Sadly, that’s a negative side effect of globalisation, an otherwise highly-beneficial phenomenon. Through the interconnectedness of world economies, through the diffusion of technologies and through freer movements of goods, services, capital and people, including the ease of the transport systems that facilitate these movements, globalisation has massively reduced poverty and increased prosperity across the world. But, well, it has also increased the possibility of a virus originating in one country spreading across the world.

Yet, what that calls for is greater international cooperation, not a retreat from globalisation or a gravitation towards nationalism or autarchy. You can build big walls against foreigners, but can you stop your own citizens from going abroad and returning home? What if they contract a virus while overseas and come home to spread it? Surely, self-interest demands collaboration. As Gideon Rachman, a Financial Times columnist, rightly put it, “A pandemic is a quintessential global problem that ultimately demands international cooperation.”

But while scientists and medical experts are working collaboratively worldwide to develop a vaccine to tackle Covid-19, nations and political leaders are engaging in rivalry, hostility and opportunism. And, of course, the biggest culprits are the world’s economic superpowers: the US and China. Their failure to cooperate weakens and undermines the international institutions, such as the World Health Organisation, the IMF, the World Bank and the WTO, that, from a global governance perspective, help to facilitate globalisation. But even more regrettable, given the current global crisis, their isolationism prevents the emergence of the global public good of collectively fighting a global pandemic. As the Financial Times wrote in a recent editorial, “US tensions with China hamper antivirus efforts.”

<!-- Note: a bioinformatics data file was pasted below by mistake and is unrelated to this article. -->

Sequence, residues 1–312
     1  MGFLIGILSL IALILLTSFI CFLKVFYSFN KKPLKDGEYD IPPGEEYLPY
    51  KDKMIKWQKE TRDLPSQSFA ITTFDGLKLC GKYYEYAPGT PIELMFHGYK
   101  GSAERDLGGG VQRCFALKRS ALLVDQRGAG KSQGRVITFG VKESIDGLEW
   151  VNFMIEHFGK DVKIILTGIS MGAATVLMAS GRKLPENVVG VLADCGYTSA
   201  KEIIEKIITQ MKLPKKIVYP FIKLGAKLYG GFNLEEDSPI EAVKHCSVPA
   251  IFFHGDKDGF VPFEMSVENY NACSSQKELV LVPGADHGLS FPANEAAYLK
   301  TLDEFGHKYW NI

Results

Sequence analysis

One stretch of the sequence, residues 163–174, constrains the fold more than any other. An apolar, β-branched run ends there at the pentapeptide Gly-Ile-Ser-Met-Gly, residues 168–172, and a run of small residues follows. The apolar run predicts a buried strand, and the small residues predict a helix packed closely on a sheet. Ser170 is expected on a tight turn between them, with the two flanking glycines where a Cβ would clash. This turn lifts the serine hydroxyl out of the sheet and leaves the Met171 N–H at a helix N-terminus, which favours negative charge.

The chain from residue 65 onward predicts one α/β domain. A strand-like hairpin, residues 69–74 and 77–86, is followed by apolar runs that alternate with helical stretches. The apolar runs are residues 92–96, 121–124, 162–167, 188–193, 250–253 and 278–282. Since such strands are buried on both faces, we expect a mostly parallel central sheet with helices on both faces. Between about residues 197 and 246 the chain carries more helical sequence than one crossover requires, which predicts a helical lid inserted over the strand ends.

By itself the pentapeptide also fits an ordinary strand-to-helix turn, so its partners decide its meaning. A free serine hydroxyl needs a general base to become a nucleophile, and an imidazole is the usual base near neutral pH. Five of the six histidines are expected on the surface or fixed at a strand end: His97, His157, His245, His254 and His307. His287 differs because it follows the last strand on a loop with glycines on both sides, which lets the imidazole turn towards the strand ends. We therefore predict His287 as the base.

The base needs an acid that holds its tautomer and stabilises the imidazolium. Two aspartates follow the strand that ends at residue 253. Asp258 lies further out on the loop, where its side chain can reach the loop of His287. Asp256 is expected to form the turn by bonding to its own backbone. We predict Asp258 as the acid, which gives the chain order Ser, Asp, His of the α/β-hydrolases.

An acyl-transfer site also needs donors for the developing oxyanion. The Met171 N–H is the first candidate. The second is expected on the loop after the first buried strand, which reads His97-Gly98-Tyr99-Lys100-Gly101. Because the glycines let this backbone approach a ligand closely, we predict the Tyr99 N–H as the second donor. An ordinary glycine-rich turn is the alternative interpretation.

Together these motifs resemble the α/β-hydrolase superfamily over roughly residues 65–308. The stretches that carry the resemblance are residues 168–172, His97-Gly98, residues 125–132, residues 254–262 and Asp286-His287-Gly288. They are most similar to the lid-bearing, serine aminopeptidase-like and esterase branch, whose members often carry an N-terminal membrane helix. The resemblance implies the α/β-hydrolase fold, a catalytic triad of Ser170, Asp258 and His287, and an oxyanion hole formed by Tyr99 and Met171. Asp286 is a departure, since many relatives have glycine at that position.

President Trump provocatively relabelled the coronavirus “Chinese virus” or “Wuhan flu”. China retorted that it was US soldiers who brought the virus to Wuhan in the first place. Policy and diplomatic hawks in the US are angry that 97 per cent of all antibiotics in America are imported from China. Against the backdrop of the trade war rumbling on since 2018, there are calls for economic “decoupling” with China, which means disentangling economies and supply chains and erecting trade barriers – the direct opposite of globalisation!

China, on the other hand, is widely believed to be exploiting the pandemic, which started from its territory, to advance its global interests. At the time when the West has become the epicentre of Covid-19, and thus distracted, China is using its generous aid budget to boost its diplomatic standing globally. But unlike during the 2008 global financial crisis and the 2013 Ebola epidemic, when it worked collaboratively with the US and others to find solutions, this time, China is going it alone, portraying itself as “the magnanimous global power offering leadership at a time of panic and peril”, as the FT puts it.

Of course, it irks the West that China is turning the pandemic into a geopolitical advantage. As President Xi Jinping recently implied, China sees its support and those of its citizens, such as the billionaire Jack Ma’s recent donation of thousands of testing kits, masks and protective suits to Africa, as a “health silk road”, a reference to the Belt and Road Initiative that China is using to win influence around the world through infrastructure projects. But China’s attempt to exploit the pandemic to its advantage is making global cooperation difficult and provoking a backlash. As the London Times editorialised recently, “The West must not allow Beijing to use this crisis to extend its global power.”

At the heart of globalisation is international cooperation. But coronavirus is driving a pushback against it. Of course, globalisation cannot be fully rolled back. Yet, the impacts of Covid-19 would pale into insignificance compared with the consequences of even a temporary retreat from globalisation. Nations must pull back from the abyss!